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CD Jazz Library: Swing to Avant-Garde


We music lovers live in exciting times. The establishment of the compact disc has been more than a technological revolution. From the standpoint of many jazz students it has become an incentive to start a serious, comprehensive library.

It's sad to reflect that most of today's jazz fans are too young ever to have heard in person the majority of giants created by this art form. To them, Louis Armstrong, Duke Ellington, Jack Teagarden, Art Tatum, Lester Young, Billie Holiday, Dinah Washington and Charlie Parker are just names in a history book or on a record label.

But by the same token it is rewarding to know that jazz, more than any music that preceded it, has been preserved in large measure through the ever greater fidelity of phonograph records, and that the compact disc represents the disc medium in its most sophisticated state.

The jazz market has provided most major companies with an opportunity to repackage, usually with enhanced sound and often with additional, previously unissued tracks, some of the masterpieces of the last 60-plus years. Within a few years the LP will be well on its way to oblivion, while CDs will have become the dominant medium for listening to recorded music.

The list that follows is designed for (a) the neophyte whose interest in jazz may have coincided with the arrival of the CD, (b) collectors who may have a modest store of LPs but who would like to flesh out their library to include in the CD format most of the indispensable figures.

Because MCA Records has not yet transferred to CD its early masterpieces by Art Tatum, Basie, Nat King Cole and Benny Goodman, substitutions were made wherever possible. Inexplicably too, MCA and CBS have left on the shelf their classic works by Jimmie Lunceford (who led one of the three great bands of the Swing Era alongside Ellington's and Basie's). Nor has CBS made CDs of its exclusive store of works by the greatest of all blues singers, Bessie Smith.

These omissions aside, the list takes in all but a handful of the vitally important artists. It represents my own opinion rather than a reflection of mass popularity. In the case of the fusion and avant-garde selections, the term "classic" has been used loosely; after all, it takes decades to determine whether a work is really of classic stature.


Louis Armstrong--"Great Original Performances 1923-1931." BBC CD 597. Tracing Satchmo from his King Oliver days through the first crude attempts to lead a band, this set is mainly valuable for the Hot Five and Hot Seven cuts that established him as the role model for every trumpeter and singer of the day: "West End Blues," "Muggles," "St. James Infirmary " and "Knockin' a Jug," etc. With him are Earl Hines, Lil Armstrong, Jack Teagarden, Johnny Dodds and Lonnie Johnson.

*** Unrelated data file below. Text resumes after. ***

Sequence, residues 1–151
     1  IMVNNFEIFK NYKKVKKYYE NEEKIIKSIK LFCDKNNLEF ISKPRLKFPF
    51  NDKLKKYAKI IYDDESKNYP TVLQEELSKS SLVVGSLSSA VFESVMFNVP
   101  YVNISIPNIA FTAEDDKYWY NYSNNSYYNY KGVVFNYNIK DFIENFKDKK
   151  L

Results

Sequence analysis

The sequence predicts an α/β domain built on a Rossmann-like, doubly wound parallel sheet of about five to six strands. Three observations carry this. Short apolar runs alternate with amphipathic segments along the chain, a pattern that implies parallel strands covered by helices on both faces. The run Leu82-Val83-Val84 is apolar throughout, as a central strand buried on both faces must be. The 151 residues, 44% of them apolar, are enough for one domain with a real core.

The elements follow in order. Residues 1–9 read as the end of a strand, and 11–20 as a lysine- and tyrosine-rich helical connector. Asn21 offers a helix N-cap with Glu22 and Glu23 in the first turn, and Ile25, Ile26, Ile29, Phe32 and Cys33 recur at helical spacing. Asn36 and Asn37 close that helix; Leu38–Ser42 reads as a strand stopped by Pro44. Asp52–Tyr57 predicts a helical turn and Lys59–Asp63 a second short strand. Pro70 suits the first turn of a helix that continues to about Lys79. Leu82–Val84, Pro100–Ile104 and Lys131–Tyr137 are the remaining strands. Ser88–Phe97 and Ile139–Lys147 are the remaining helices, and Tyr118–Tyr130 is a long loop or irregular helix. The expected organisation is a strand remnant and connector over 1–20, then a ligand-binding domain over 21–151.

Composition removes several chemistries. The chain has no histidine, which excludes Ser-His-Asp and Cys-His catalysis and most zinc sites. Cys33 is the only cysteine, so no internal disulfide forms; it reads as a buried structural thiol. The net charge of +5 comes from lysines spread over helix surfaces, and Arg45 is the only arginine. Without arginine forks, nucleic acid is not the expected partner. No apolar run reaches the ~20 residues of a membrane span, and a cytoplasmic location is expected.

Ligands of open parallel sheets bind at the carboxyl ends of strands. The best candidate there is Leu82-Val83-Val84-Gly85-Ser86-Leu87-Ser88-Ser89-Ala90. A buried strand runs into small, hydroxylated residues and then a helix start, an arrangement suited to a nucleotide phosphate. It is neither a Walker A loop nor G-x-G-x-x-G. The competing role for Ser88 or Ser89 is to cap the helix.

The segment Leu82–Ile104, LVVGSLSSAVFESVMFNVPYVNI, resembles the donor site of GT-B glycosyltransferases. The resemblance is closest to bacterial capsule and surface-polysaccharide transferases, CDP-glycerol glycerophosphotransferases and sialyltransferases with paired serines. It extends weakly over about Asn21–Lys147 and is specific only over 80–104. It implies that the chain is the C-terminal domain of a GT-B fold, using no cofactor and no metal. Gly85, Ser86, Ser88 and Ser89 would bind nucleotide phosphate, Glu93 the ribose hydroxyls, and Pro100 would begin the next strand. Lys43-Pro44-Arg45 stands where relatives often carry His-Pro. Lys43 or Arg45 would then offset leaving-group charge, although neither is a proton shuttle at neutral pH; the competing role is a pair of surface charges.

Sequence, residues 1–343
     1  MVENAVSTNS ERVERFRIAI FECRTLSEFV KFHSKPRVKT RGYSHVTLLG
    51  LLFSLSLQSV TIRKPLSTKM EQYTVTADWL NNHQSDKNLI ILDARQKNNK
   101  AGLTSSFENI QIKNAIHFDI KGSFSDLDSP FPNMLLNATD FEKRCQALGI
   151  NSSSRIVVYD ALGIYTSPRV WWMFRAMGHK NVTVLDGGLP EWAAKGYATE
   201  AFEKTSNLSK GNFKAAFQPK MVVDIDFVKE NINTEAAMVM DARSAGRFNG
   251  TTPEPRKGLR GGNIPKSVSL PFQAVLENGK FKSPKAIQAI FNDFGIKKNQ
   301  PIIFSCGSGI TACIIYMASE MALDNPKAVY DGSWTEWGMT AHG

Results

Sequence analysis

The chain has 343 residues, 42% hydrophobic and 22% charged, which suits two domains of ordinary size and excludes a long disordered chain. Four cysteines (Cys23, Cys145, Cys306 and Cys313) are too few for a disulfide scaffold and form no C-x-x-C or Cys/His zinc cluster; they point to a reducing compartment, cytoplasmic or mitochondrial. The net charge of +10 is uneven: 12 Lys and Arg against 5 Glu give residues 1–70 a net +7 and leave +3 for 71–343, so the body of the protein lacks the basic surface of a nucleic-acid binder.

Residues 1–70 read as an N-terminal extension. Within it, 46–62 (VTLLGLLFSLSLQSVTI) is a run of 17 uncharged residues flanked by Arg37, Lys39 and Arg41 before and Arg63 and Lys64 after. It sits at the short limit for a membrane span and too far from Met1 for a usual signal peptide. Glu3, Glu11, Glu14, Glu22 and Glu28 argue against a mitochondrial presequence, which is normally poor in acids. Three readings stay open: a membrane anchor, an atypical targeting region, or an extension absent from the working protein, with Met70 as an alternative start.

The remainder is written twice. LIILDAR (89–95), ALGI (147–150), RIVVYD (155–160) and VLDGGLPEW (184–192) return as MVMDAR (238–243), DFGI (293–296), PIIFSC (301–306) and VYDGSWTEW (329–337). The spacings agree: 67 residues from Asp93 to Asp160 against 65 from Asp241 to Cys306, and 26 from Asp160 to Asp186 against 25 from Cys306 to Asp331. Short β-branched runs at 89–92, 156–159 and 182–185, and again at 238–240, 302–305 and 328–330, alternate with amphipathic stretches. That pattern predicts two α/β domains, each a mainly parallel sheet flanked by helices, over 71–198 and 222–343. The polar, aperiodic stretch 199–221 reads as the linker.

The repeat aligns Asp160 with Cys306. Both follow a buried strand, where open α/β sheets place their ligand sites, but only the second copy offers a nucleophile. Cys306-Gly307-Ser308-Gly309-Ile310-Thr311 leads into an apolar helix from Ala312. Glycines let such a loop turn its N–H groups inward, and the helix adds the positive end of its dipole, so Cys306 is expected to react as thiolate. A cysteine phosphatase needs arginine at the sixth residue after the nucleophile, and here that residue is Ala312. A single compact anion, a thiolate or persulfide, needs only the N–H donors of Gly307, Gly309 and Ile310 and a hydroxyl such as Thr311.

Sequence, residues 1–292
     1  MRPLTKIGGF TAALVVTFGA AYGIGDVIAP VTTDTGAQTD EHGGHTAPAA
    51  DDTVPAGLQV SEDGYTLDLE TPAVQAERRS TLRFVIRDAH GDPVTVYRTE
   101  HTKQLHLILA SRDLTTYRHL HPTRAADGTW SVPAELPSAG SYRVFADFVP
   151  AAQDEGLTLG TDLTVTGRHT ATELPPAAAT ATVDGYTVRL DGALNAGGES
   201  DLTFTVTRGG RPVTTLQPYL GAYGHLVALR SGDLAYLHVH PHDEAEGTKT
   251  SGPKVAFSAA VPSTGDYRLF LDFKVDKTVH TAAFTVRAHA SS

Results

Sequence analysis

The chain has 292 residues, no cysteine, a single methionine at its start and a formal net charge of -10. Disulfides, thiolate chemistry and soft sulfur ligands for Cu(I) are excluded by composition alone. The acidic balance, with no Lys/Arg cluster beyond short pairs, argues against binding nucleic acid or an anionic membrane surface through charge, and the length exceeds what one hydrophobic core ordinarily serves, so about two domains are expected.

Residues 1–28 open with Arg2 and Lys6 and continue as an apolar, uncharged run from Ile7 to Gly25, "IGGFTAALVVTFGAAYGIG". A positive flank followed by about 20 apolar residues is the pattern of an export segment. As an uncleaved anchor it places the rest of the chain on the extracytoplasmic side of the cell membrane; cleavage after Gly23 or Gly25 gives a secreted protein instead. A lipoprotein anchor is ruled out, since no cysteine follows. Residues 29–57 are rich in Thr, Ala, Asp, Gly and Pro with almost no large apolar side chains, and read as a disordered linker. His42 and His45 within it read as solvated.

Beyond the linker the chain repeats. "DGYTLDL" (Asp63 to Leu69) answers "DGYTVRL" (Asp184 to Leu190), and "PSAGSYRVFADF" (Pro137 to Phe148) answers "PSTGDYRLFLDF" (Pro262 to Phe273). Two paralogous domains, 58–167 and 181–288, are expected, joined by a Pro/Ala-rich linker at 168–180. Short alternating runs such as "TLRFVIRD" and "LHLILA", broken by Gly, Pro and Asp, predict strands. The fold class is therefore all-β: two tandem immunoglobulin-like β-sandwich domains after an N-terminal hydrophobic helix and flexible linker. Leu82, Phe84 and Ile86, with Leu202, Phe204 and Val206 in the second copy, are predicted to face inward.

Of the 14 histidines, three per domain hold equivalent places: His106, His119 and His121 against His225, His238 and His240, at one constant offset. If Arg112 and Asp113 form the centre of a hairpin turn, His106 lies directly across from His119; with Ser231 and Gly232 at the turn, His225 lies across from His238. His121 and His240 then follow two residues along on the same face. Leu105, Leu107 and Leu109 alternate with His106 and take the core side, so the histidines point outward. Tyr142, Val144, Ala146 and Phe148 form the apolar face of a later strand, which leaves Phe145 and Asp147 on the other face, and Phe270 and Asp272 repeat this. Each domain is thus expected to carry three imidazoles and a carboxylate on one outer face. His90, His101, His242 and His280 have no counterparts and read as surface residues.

"At the Jazz Band Ball--Chicago/New York/Dixieland." RCA Bluebird 6752-2RB. A fine cross section of dates by white musicians who took their jazz seriously in the 1930s. Of the 22 cuts, 16 are by Muggsy Spanier's Ragtime Band, with the rugged Irish-American cornetist surrounded by the likes of Joe Bushkin and George Brunies; four are by Bud Freeman's Summa Cum Laude Band, with the tenor sax pioneer slipping and sliding his sui generis way through "The Eel." There are two early Eddie Condon cuts with trombonist Jack Teagarden playing and singing his soul out.

"Jazz in the Thirties." Disques Swing CDSW 8457. This two-CD gold mine yields Jess Stacy playing two of Bix Beiderbecke's piano pieces; Gene Krupa in "Blues of Israel" with Israel Crosby on bass; numerous examples of Joe Venuti as catalytic jazz violinist and of Benny Goodman leading a small jam band; Bunny Berigan heading combos that include Edgar Sampson (composer of "Stomping at the Savoy") in a rare appearance as solo saxophonist; Adrian Rollini, a pioneer of the now all-but-defunct bass saxophone, leading a band that includes the Dorsey Brothers, and Joe Sullivan, a Hines-inspired pianist, in his own "Little Rock Getaway" and "Gin Mill Blues." Many of these names may be unfamiliar or dim memories, but the music is invaluable.

"Kansas City Jazz." Atlantic 7-81701-2. The rolling, driving sounds of Kansas City jazz were part of the 1930s Pendergast era, yet they are re-created with total fidelity in these 1950s and 1970s sessions. This is a jubilant and soulful collection, with "Confessin' the Blues" sung and played by pianist Jay McShann (using, of all people, John Scofield on guitar), with Big Joe Turner singing the blues about Piney Brown, and one Buster Smith, who allegedly was Charlie Parker's mentor, in a rare appearance on record, not to mention the instrumentals with Buck Clayton on trumpet and Vic Dickenson on trombone.

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